If there's anyone who can make the mundane interesting, it'd have to be progressive rockers The Tangent. As evidence, I cite their newest album, Le Sacre du Travail (The Rite of Work), which is a five-movement, hour-long piece of music encapsulating the variety of emotions in the typical Westerner's work day.
And it certainly succeeds at that project--bland concepts and trivial lyrics are blown up with aplomb, creating a surprisingly engaging hour of commutes, wage slaving, and television. Though the concept of aggrandizing the dull mechanism of modern life is far from original (Battlestations's first album is currently my favourite take on the genre), Le Sacre du Travail is the only album I know of that does so in a positive manner. This isn't a condemnation of ennui and meaninglessness; it's a celebration of the regular, routine things we do in our day-to-day lives, the thankless tasks for which we otherwise would have no recognition. It's a surprisingly uplifting work for a topic normally laden with doomsayers. (It's also noticeably European; how many North Americans make a point of having evening tea?)
Musically, the album is rooted in old-style progressive rock, with epic-length, piecewise, high-concept compositions placed alongside briefer, more pop-oriented tracks. The Tangent are clearly in debt to prog progenitors like Yes, but aural citations to the likes of King Crimson can be heard when they show off their love of fusion and free-form jazz, especially in the bonus track "Muffled Epiphany." (And speaking of which, what is with the live version of "Hat"? It's such a superfluous, meaningless piece, and even more so as "bonus" material.)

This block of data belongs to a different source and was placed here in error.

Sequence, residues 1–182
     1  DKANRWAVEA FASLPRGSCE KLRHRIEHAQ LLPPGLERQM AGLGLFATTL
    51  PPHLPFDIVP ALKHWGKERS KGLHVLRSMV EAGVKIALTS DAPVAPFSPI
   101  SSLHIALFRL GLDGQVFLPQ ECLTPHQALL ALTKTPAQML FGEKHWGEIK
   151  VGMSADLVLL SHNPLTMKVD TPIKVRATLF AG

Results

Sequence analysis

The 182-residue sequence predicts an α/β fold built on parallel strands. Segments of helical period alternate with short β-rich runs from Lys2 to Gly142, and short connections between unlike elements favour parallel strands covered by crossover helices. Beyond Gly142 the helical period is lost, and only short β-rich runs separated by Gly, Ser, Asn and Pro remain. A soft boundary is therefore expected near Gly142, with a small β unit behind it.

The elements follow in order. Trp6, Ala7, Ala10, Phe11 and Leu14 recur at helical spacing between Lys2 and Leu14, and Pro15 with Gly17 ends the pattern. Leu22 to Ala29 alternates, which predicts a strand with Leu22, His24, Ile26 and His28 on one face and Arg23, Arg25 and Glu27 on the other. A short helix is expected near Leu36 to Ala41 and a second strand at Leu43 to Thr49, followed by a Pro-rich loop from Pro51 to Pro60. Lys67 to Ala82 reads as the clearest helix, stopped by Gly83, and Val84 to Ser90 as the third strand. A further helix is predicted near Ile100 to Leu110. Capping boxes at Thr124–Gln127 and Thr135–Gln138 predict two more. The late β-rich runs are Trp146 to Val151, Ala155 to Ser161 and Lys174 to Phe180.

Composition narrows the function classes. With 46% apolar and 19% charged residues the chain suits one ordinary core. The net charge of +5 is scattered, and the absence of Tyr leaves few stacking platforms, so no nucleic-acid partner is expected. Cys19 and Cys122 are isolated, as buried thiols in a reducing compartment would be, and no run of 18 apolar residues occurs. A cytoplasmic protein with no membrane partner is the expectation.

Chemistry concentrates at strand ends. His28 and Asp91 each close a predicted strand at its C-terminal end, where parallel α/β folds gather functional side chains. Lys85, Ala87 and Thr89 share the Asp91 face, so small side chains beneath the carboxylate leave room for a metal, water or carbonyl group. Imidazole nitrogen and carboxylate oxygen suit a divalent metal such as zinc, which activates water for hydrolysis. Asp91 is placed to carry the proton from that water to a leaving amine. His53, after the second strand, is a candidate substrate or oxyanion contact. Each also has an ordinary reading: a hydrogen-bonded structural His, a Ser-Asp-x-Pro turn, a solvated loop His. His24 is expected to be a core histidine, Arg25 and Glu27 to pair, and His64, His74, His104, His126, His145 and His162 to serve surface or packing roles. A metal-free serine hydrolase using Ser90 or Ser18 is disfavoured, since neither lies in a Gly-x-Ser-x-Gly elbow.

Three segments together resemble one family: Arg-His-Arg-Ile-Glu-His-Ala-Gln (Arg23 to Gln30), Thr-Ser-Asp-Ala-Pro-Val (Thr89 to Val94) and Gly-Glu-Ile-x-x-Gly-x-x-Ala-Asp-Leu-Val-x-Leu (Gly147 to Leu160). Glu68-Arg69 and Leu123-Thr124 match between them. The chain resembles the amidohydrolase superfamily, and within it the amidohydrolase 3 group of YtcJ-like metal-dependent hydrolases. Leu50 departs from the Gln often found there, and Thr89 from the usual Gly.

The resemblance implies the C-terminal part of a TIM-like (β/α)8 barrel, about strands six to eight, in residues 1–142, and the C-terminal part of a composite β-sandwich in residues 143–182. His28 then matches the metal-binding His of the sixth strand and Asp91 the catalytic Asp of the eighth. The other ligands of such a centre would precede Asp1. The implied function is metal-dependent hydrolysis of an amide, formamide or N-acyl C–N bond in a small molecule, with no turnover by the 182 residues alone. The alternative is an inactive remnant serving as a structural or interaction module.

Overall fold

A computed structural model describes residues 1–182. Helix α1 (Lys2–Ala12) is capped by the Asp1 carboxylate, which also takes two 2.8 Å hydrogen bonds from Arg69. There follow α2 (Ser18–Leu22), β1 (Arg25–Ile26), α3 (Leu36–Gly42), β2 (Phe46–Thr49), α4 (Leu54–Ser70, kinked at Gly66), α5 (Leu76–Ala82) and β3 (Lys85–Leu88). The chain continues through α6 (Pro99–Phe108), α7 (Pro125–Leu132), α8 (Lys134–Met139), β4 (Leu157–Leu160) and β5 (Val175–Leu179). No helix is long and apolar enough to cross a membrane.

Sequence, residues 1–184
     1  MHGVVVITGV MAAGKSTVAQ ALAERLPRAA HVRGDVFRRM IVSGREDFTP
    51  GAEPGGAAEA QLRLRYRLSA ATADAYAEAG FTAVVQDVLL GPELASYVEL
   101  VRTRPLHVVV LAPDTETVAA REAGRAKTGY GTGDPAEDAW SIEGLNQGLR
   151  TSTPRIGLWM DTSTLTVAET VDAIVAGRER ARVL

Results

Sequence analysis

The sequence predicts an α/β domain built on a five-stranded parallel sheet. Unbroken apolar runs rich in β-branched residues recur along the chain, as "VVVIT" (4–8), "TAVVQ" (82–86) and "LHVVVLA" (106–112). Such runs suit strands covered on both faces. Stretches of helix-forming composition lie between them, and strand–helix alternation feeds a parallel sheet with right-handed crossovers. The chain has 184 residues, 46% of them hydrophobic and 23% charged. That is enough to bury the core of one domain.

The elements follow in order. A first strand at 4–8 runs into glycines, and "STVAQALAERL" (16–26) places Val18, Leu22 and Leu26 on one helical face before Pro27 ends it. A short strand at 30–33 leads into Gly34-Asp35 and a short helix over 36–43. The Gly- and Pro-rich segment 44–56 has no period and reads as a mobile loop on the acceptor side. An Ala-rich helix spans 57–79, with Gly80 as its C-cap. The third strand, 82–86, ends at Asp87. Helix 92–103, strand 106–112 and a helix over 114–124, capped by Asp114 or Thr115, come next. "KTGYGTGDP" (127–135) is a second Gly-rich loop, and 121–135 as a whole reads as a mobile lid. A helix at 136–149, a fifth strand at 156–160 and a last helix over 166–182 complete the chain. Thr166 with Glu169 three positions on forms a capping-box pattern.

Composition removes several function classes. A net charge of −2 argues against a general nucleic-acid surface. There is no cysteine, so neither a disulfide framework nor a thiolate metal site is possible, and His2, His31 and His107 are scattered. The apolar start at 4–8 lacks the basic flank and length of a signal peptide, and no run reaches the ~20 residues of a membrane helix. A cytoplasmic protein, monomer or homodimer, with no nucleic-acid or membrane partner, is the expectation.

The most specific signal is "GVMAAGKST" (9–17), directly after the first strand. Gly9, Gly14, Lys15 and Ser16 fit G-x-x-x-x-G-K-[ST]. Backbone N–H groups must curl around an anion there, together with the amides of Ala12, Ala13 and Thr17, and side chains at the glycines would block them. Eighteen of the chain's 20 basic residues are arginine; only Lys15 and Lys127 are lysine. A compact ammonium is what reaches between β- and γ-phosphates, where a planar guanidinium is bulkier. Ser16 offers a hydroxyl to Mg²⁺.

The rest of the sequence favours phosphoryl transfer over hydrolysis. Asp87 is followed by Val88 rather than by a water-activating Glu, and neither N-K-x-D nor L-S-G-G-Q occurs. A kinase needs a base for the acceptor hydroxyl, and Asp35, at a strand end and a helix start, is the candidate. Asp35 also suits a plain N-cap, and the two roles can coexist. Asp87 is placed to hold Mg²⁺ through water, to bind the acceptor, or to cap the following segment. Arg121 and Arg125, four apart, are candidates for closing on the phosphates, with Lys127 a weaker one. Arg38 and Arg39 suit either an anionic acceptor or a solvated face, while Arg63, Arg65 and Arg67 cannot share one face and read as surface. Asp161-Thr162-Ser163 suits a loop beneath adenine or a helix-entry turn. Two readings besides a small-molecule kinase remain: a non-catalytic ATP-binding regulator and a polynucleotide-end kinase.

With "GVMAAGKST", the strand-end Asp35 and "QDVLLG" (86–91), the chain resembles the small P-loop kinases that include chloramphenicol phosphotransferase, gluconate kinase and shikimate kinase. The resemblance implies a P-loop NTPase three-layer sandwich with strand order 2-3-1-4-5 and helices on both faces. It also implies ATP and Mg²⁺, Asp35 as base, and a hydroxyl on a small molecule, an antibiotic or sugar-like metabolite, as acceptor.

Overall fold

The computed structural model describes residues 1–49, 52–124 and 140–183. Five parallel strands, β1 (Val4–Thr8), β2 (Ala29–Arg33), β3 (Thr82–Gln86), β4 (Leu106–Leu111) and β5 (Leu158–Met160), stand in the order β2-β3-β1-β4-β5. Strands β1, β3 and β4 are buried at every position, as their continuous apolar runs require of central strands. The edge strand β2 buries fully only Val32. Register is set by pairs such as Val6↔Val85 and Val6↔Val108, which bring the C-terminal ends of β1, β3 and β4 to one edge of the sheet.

Are there any weak points? Sure. The music is far from original, stylistically the same as every other straight-up progressive rock band today. Actually, that's not completely true--The Tangent's music feels notably less intense, and while that can be a valid stylistic choice, in this case it saps some well-needed energy out of their performance. Most of the movements feel very strenuous and drawn out; the uncharacteristically upbeat closer "Evening TV" is the only part I find myself returning to. I suppose you could argue that the intensity is meant to mirror one's enjoyment of the particular parts of the day, but that doesn't make the music any more enjoyable to listen to (even if I do admire the dedication to the concept).
So, Le Sacre du Travail is not revolutionary, and it's certainly not The Tangent's finest release. But it's an above-average album, and a fine addition to any progressive fan's collection.
Recommended if you like: The Flower Kings, early Genesis, Spock's Beard
7.0 / 10
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